A House Is Not a Home

house  Well, I guess it’s official. She’s never moving back home now…

That’s a little bit of inside humor between my wife Kellie and me. She used to mock me mercilessly when I whined about our daughters moving out. I always joked that we couldn’t take down their beds because, you know, they might still move back at some point.

(Yet Kellie and I will mark 30 years of marriage in September despite my sense of humor…and people say there’s no such thing as miracles…)

See, our youngest daughter, Olivia moved out two years ago into a tiny apartment with her very significant other, Tyler and their puppy Joker, a goofy, exuberant, affectionate pittie mix.

Then, they bought their first house together a couple months ago.

The first move was very hard on my psyche. However, the second move was much easier.

As I’ve written before, I had a bumpy “Dad Transition” as both of our daughters turned the corner toward Young Adulthood.

Strangely, I wasn’t as affected when Emma moved in with Jake, her husband-to-be, — maybe because Olivia still lived at home.

But when they were both gone? That was like a ball-peen hammer to the back of the head.

Now though, not so much, thanks to the comforting balm of Time.

Sure, I still get a bit misty-eyed thinking of our daughters as babies, toddlers, adolescents and (believe it or not) even teens. I truly loved watching them grow and helping to shape their lives in whatever little ways I could.

However, now I see different things through my misty eyes:

  • A still-small house that suddenly has enough room again for Kellie, our two small dogs and me;
  • The office I secretly coveted for 20 years, carved from Olivia’s old bedroom, filled with my collection of hundreds of books;
  • Emma’s old room transformed into the crafting nook Kellie likewise dreamed of, overflowing with examples of her talent and creativity;
  • The freedom (and slightly improved finances) to enjoy dinner out more often, accept more invitations for long weekends away with friends and even take impromptu vacations.

Those things are all good. Yet, they pale – I mean, absolutely disappear into the wispy vapor of nothingness – compared to the things that are truly important:

  • A wonderful husband for Emma (and son-in-law for us), now three years into a strong marriage;
  • A charming, talented life-partner for Olivia (and, we think, a future son-in-law for us);
  • And the most beautiful and very-nearly-perfect granddaughter ever, in Riley Jean.

Sure, I miss my girls. But joyous pride more than compensates for melancholy memories.

That’s where Olivia’s and Tyler’s new house comes in.

Home ownership means many things, not least of which is the financial, legal and contractual responsibility that comes with property ownership. The work (and the money) to buy; the work (and the money) to maintain; the work (and the money) to improve. The work. And the money.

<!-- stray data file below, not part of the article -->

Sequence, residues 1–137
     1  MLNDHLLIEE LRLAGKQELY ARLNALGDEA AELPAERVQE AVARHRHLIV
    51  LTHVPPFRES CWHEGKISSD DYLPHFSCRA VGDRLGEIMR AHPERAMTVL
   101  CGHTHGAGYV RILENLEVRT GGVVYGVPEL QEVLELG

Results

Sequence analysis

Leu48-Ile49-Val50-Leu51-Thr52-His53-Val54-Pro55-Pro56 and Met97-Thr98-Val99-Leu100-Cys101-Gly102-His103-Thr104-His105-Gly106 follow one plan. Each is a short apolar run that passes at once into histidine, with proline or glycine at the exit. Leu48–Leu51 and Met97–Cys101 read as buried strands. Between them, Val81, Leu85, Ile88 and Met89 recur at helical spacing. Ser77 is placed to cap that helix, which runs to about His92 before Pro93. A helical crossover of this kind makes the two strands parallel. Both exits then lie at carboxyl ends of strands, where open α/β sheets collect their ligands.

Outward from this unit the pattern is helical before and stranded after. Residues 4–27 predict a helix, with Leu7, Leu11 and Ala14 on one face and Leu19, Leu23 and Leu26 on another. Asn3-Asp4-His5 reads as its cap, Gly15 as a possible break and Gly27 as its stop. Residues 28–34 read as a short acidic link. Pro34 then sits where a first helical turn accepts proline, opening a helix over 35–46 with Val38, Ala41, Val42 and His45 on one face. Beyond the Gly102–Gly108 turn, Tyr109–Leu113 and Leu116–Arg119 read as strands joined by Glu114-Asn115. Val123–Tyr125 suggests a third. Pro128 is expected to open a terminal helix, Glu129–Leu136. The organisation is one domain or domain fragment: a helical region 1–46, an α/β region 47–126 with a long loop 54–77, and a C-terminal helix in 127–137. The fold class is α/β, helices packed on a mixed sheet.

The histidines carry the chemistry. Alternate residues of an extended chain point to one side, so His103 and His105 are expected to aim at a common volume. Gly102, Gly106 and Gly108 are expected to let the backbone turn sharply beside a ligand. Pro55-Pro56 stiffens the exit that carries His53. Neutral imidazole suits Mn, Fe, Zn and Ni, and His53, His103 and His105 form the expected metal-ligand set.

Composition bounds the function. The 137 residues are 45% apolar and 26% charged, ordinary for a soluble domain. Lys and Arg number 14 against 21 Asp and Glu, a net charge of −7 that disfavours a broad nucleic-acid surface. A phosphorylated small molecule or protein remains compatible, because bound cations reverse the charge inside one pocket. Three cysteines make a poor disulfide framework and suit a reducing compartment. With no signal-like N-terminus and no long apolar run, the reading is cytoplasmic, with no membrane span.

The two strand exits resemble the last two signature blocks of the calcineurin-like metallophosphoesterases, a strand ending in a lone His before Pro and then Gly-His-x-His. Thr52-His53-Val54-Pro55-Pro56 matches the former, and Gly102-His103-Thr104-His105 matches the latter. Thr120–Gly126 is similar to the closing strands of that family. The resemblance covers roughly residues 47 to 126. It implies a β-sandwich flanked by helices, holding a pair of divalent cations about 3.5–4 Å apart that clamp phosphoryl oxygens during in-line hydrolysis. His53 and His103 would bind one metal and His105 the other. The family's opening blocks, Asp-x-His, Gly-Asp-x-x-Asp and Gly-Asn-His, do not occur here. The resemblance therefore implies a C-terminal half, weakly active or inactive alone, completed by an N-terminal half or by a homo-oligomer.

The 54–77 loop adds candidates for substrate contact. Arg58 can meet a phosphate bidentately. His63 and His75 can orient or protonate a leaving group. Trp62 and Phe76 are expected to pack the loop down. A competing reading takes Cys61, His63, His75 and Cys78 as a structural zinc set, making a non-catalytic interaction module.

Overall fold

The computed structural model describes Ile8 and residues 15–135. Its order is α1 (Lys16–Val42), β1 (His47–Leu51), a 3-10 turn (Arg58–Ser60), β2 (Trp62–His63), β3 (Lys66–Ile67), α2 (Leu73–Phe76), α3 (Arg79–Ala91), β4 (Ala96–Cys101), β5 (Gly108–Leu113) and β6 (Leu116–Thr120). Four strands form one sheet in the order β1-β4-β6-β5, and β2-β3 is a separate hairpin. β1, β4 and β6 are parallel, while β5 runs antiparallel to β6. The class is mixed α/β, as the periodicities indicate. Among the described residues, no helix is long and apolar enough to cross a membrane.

Olivia’s and Tyler’s new digs are quaint and cozy – code for “on the small side.” Trust me, Kellie and I have lived “on the small side” for 23 years, so I know of whence I speak.

It’s about 40 feet from the Fox River in Montgomery. A beautiful park and walking path beckon from across the river. Both are wonderful amenities to current owners and enticing selling points to future buyers.

(They’re also the cause for significant Dad anxiety every time it rains and the river rises, but hey, that’s why God – or Satan — invented insurance…)

It’s a bit of a fixer upper. More so, I think than they realized, but that’s what family and friends are for. (Tyler’s parents, and Kellie and I donated some “Parent Equity,” helping them move, paint, fix some things, etc. )

Yet, they couldn’t be happier, and for good reason.

Buying a house together means so much more than just co-signing a mortgage.

It’s a solid symbol of something as ethereal as “Love.”

What better picture of a hopeful future, what more positive affirmation of long-term commitment is there for a young couple than investing in their first house?

Likewise, it is a small but meaningful proof of our own achievement as parents.

Their house says that we, Olivia’s and Tyler’s parents (and Emma’s and Jake’s, too) raised kids with good heads on their shoulders and big hearts in their chests. Young people willing to work today, and dream of a tomorrow, together.

Yet, simply buying a house is not the end-all, be-all.

As a young newspaper reporter, I learned that words that seem synonymous often aren’t.

For example, a “house” is not a “home.”

A “house” is a collection of building materials assembled to create a shelter.

A “home” is what one makes of a house.

Turning a house into a home is a lifetime project.

Kellie and I bought a tiny house after seven years in apartments, a young couple with a toddler, an infant and a small dog.

We scraped and scrapped. Borrowed and begged. Worked even harder when needed and reluctantly accepted help when our bills outpaced our pride.

In the process we made it a home.

We filled it with love and laughter. Made it a place of comfort and security. Created a sanctuary for their injured/confused/angry spirits.

None of it was easy. All of it was worth the struggle.

We created a place defined not so much by four walls as by two hearts.

A place where our children now feel welcome to return as adults and know that they will be supported and cherished when they do.

Now our nest is completely empty save the two dogs. We look forward to new adventures with our family in our home.

And we hope and pray that our daughters and their families find the same joy in theirs.

 

 

Advertisements